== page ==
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The Legacy of Banning DDT

October 10, 2013 at 1:29 pm
By Callum McCulloch '15

Eagle Chicks
The majestic greeting of the American Bald Eagle Chick.

Between the 1940’s and early 1970’s, DDT, an industrial insecticide, was used extensively throughout the United States to control crop pests and to help eradicate malaria. Scientists had concerns about the possible hazards of DDT, but public opinion only began to shift thanks to a woman named Rachel Carson. She surmised that DDT use in Nassua County, New York was endangering human health and poisoning wildlife. In Silent Spring, her seminal work of ecological research, she writes: “It is ironic to think that man might determine his own future by something so seemingly trivial as the choice of an insect spray."

Concurrently, a toxicologist named David Peakall found a correlation between concentrations of measured DDE (a denatured form of DDT) in peregrine falcon eggs, and the thicknesses of the eggshells. When there was a higher concentration of DDE, the eggshell was thinner. At the same time, data about declining bald eagle populations was being widely publicized.

While DDT is toxic in small concentrations to a wide range of organisms, the reproductive rate of large birds fell drastically due to eggshell thinning and cracking during nesting. DDT affected large birds of prey disproportionately because it ‘bioconcentrates’ in fatty tissue at higher trophic levels.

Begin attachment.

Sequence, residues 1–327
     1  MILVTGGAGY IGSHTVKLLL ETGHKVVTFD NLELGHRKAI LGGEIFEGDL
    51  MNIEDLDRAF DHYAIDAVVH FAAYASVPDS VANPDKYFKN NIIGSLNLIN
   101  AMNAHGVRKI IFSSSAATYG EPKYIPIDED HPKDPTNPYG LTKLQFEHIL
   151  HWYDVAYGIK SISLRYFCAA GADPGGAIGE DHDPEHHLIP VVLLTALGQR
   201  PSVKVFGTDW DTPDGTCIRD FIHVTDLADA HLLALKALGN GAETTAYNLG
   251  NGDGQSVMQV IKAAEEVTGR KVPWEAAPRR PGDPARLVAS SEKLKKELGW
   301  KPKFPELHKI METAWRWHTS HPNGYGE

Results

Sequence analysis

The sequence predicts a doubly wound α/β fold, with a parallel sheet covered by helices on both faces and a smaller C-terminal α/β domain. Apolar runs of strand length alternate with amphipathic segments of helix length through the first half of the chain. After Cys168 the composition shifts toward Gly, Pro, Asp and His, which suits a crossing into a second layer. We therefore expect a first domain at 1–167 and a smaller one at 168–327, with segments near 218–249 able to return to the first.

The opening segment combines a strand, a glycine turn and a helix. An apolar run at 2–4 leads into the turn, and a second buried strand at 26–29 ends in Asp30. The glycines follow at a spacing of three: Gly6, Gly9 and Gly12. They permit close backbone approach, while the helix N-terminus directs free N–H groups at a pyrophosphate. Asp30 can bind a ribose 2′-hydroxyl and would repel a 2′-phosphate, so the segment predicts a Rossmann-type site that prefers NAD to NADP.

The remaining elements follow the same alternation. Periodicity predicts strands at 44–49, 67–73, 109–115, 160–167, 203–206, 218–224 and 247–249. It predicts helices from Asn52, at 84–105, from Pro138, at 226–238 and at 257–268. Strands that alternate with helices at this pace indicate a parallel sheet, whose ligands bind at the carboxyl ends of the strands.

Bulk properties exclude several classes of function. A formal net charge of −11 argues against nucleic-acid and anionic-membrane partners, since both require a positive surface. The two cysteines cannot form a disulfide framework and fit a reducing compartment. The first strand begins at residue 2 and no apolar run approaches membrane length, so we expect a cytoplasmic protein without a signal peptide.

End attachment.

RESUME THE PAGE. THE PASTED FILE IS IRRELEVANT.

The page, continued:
Finally, in 1972, the EPA banned most uses of DDT. Some bird populations, like the osprey, began to recover quickly after the ban, reaching pre-DDT populations within a decade, but other populations like the peregrine falcon never naturally rebounded in the East and have been reared in captivity to increase local populations.

If it were not for the 1972 DDT ban, we would not have as many large birds of prey in the Arboretum today. A nesting pair of bald eagles fishes on the Cannon River nearly year round, unless the river freezes over, in which case they will migrate to the ice-free Mississippi. Ospreys have become regular migratory visitors, flying overhead in the spring and fall, and sometimes seen along the Cannon River in summer. The sharp-shinned hawk can be seen in the Arb until late October.

 The Arb is full of large and wonderful birds—get out and see them!

 - Callum McCulloch '15, for the Cole Student Naturalists

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